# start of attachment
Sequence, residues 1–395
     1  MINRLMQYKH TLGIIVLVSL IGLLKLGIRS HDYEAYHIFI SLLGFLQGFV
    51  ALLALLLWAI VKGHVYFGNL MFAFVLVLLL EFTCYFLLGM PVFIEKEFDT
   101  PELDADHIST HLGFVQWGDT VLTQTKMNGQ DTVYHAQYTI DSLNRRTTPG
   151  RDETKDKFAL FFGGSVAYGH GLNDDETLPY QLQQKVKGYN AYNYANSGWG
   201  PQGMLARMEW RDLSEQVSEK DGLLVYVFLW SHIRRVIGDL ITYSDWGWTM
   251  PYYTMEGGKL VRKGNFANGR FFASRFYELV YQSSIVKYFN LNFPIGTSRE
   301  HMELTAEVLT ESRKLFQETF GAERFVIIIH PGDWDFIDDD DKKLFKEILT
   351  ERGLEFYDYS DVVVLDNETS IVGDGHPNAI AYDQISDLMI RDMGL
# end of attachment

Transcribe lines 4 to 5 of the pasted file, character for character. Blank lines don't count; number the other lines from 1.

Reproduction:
   101  PELDADHIST HLGFVQWGDT VLTQTKMNGQ DTVYHAQYTI DSLNRRTTPG
   151  RDETKDKFAL FFGGSVAYGH GLNDDETLPY QLQQKVKGYN AYNYANSGWG